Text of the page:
That’s not what “one-shot” is supposed to mean.

Nick Fury’s Howling Commandos, or Black Panther?

“We also thought about potentially … let’s say a young Nick Fury with Dum Dum Dugan,” D’Esposito says. “Or a Black Panther short, maybe, in that [One-Shot format.]”

Both of those projects would make comic fans squee: Dum Dum Dugan (the bowler-hat-wearing mustachioed strong man played by Neal McDonough in 2011’s Captain America) has long fought alongside Fury in the Howling Commandos, featured in books dating from the early ‘60s up to the present day.

And Black Panther, the first black superhero, is another character many fans are dying to see on the big screen (and remains a real possibility for Marvel’s Phase 3.) But introducing him in a short becomes a question of resources: how do you show his fictional African nation of Wakanda on the budget for a DVD extra? That aside, just casting an actor with the necessary badassery for the part would be tough for a short.

“It’s very complicated to do: who plays those characters? And designing the costume, getting it going … We tried,” D’Esposito says. “We were there in development, and we tried, but they were very difficult for all the reasons I gave. And we don’t want to do something that’s half baked because it’s not good for us and it’s not good for our fans.”

But fans can take heart: Agent Carter was also once an idea that was deemed too big for the One-Shot series, as well.

Now it’s a reality.

Agent Carter vs. the glass ceiling

Marvel considered making Agent Carter earlier in the One-Shot series, but when Captain America came out in 2011 the shorts weren’t expansive enough, and last year, Item 47 simply fit better as an addendum to The Avengers.

Agent Carter finally got the go-ahead because it was a good way to bridge Iron Man 3 and the upcoming Captain America: The Winter Soldier. Atwell was available to do it, it incorporated an established character from the comic books who had already been depicted in a film.

It helped the small budget that some of the effects shots depicting New York in the 1940s were already made for Captain America. That allowed D’Esposito and crew to focus their resources on the fight sequences and hiring actors such as Dominic Cooper (reprising his role as Tony Stark’s industrialist father Howard Stark) and The West Wing’s Bradley Whitford (playing Carter’s chauvinist boss.)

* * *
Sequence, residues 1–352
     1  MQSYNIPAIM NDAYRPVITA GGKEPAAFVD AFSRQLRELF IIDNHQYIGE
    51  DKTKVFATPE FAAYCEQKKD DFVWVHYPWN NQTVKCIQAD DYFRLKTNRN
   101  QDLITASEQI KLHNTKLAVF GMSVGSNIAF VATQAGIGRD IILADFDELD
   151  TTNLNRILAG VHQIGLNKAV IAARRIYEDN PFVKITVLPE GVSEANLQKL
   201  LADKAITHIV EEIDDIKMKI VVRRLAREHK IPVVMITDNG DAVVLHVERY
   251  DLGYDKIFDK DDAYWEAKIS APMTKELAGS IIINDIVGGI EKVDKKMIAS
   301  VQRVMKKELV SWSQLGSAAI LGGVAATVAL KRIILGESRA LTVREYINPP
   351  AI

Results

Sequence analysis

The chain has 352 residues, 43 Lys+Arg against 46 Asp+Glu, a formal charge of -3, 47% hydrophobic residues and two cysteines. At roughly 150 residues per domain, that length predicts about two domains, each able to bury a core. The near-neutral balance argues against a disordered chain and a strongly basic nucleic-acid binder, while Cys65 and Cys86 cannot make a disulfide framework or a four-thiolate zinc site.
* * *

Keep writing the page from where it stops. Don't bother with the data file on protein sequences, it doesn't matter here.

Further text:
Agent Carter also gives the Marvel universe a dose of much needed girl-power. If fans who see it in Comic-Con on Friday react favorably, it’s likely to lead to more female heroes on the screen.

“In Item 47, I would say the protagonist is Lizzy Caplan, and obviously in Agent Carter it’s Hayley. They’re good stories, and they do show female characters and maybe we can do a feature film one day,” D’Esposito says. “Ms. Marvel, I’ve already mentioned, is one of my favorites. I would love to do it. It’s difficult because we have a limited the bandwidth and produce two films a year. We have a few successful franchises, so how do we introduce more? This is a way.”

Best case scenario …?

“You know, maybe people see this and they say, ‘I love Hayley Atwell as Peggy Carter,’ and maybe we have to do Ms. Marvel, or give Scarlett Johansson’s Black Widow her own film,” D’Esposito says. “So, of course we think about that. And when we see the success of it and how people react, it really reinforces that.”

For those in Comic-Con hoping to catch a 7 p.m. screening of Agent Carter, stop by the Marvel booth for tickets.

If you want to brave the stand-by line: Arrive early to Reading Cinemas Gaslamp 15, 701 5th Ave San Diego, CA 92101

The short will go wide Sept. 24 on the Iron Man 3 Blu-ray set.

Item 47